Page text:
CAMBRIDGE, Mass., Jun 13, 2005 (BUSINESS WIRE) -- Despite all the fanfare with the launch of the
Presidential eGovernment Initiatives in 2000, a new report from
Forrester Research, Inc. (Nasdaq: FORR) indicates that the results
have been less than impressive. Citizen adoption is low and progress
has slowed as agency heads, CIOs, and program managers are faced with
increasing obstacles to widespread adoption of the Web for government
"Our research indicates that citizens contact the government
predominately for personal rather than business reasons, seeking
answers to specific questions, expressing opinions, or completing
transactions," noted Forrester Consulting Analyst Alan Webber.
"Because of the personal nature of these interactions, they still rely
on telephone and in-person contact and don't completely trust the Web.
Even though most of these people use the Internet for other aspects of
their daily lives, old habits die hard."
To add to the frustration, government agency heads have to deal
with added internal obstacles like constrained budgets and a
change-resistant culture. Forrester anticipates that federal IT
spending will begin to decrease in the next couple of years. The
government's bureaucratic and inefficient production model, extremely
long project cycles, and long overdue deadlines are also large
obstacles to adoption.
Moving From Access To Engagement
To measure progress, Forrester developed a continuum of
eGovernment maturity. First, the era of access is defined by citizens
and businesses being able to access government information online.
Second, the era of interaction -- where most agencies are currently --
allows constituents to make small transactions, such as submitting
forms and applications, online. Third, the era of engagement is
reached when citizens and businesses complete personalized,
comprehensive, complex, multichannel transactions that assist in
resolving real problems.
Forrester notes that to move into the engagement phase, government
agencies must address five major challenges:
-- Implement disciplined management practices. Agency CIOs and
program managers will have to focus more effort on the
estimation of costs and benefits, project management, and
management buy-in to the processes.
-- Establish a more secure environment. Until citizens are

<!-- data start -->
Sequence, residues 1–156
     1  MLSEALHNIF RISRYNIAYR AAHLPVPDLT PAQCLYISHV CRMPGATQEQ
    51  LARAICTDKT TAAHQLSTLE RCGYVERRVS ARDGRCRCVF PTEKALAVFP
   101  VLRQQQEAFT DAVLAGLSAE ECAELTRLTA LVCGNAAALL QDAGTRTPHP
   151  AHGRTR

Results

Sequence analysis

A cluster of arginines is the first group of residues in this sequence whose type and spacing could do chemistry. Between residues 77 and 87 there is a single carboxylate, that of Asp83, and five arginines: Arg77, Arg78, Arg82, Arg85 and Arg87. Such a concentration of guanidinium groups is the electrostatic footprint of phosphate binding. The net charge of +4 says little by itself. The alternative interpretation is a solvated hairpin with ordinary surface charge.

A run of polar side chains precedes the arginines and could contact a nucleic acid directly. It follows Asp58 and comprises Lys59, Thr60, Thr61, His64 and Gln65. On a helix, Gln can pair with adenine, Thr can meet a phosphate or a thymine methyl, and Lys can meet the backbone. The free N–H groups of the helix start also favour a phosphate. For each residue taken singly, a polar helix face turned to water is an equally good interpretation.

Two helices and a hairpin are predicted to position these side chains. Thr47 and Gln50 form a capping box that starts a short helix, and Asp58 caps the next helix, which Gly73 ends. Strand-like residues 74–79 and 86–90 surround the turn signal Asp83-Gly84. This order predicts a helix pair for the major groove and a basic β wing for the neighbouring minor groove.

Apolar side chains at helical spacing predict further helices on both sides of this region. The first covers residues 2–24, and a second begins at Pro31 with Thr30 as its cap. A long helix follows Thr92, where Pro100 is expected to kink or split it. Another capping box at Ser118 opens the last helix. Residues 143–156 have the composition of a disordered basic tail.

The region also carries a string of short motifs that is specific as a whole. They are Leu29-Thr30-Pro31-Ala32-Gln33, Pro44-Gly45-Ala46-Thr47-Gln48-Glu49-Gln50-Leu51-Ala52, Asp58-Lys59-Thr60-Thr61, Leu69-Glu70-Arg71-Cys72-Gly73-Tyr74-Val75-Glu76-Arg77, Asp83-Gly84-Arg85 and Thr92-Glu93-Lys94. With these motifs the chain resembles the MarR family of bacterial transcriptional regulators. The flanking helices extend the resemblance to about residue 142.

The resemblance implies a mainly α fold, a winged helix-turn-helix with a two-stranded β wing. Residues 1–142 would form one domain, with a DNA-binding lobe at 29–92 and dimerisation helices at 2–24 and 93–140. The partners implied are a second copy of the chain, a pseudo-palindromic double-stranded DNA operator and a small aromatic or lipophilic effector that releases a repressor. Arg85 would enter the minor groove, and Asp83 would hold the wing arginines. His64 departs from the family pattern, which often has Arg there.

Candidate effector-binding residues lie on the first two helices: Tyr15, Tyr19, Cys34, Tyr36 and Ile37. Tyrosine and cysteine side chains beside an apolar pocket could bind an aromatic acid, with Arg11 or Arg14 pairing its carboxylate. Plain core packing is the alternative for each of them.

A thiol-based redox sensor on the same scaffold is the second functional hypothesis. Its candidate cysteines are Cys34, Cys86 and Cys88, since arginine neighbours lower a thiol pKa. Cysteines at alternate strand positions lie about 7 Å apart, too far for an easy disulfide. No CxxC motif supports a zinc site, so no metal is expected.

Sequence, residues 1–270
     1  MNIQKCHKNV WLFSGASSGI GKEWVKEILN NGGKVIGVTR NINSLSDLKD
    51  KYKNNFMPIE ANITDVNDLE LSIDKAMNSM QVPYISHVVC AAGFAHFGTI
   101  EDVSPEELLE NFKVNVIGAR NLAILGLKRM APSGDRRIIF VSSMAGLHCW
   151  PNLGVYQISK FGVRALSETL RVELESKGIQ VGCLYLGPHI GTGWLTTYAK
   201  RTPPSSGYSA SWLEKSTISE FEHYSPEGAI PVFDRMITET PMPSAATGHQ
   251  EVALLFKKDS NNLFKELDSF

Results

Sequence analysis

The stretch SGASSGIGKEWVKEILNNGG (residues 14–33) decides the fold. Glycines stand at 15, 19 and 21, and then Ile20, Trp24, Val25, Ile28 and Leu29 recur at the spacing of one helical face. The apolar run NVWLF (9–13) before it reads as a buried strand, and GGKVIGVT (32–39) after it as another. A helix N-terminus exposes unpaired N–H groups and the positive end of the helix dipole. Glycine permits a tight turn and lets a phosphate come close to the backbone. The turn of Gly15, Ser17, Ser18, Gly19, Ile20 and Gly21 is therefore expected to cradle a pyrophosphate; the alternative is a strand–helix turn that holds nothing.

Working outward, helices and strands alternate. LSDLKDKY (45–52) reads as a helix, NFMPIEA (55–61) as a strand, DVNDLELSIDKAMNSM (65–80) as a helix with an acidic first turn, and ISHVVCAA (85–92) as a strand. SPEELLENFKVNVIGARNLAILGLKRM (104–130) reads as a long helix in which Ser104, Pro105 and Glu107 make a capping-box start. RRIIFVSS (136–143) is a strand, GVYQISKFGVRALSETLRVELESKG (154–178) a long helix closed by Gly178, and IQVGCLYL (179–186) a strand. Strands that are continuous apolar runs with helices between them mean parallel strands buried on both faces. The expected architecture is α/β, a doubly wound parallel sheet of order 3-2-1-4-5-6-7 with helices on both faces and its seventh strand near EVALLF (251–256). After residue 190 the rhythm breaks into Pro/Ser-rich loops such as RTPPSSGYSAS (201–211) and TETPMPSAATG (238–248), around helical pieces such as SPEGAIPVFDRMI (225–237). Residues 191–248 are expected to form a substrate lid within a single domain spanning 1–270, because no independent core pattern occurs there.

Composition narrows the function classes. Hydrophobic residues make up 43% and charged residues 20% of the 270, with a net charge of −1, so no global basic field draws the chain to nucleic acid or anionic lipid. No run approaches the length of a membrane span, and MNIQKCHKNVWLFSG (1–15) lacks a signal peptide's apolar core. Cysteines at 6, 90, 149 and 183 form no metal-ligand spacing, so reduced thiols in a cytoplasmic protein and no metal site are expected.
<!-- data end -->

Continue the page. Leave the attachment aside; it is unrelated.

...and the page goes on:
comfortable with the security and privacy safeguards of
government systems, few will be willing to interact with
government via the Web.
-- Complete agency enterprise architectures. Only a handful of
agencies have effective architectures in place, and it will be
difficult to make intelligent investment decisions until they
are all fully ramped up.
-- Develop capabilities for records and data. Even with the large
push toward storing, retrieving, and disposing of electronic
data and records, there are still enormous amounts of new
records being established on paper.
-- Address the IT talent shortage. IT workers are a hot
commodity, and agencies are having a difficult time replacing
retiring federal IT workers.
Over The Horizon
Forrester notes that to be successful, the government business
model must shift away from a centralized, machine-like organization to
a decentralized model based on regional and local structures that are
closer to the citizen. Technologies like the Internet portal will
replace the phone as the primary channel for citizen and business
government interaction. As federal portals advance and can handle more
activities, more constituents will be comfortable using technology as
their primary point of contact.
More information on the obstacles government faces in moving
toward a Web content model and recommendations for agencies are
available in the research, "The Future Of eGovernment." It is
available to WholeView 2(TM) clients and can be found at
Forrester is an independent technology research company that
provides pragmatic and forward-thinking advice about technology's
impact on business. Business, marketing, and IT professionals
worldwide collaborate with Forrester to align their technology
investments with their business goals. Forrester offers products and
services in four major areas: Research, Data, Consulting, and
Community. Established in 1983, Forrester is headquartered in
Cambridge, Mass. For additional information, visit www.forrester.com.
SOURCE: Forrester Research, Inc.
Forrester Research, Inc.
Patrick Tripp, +1 617/613-6216
Public Relations Specialist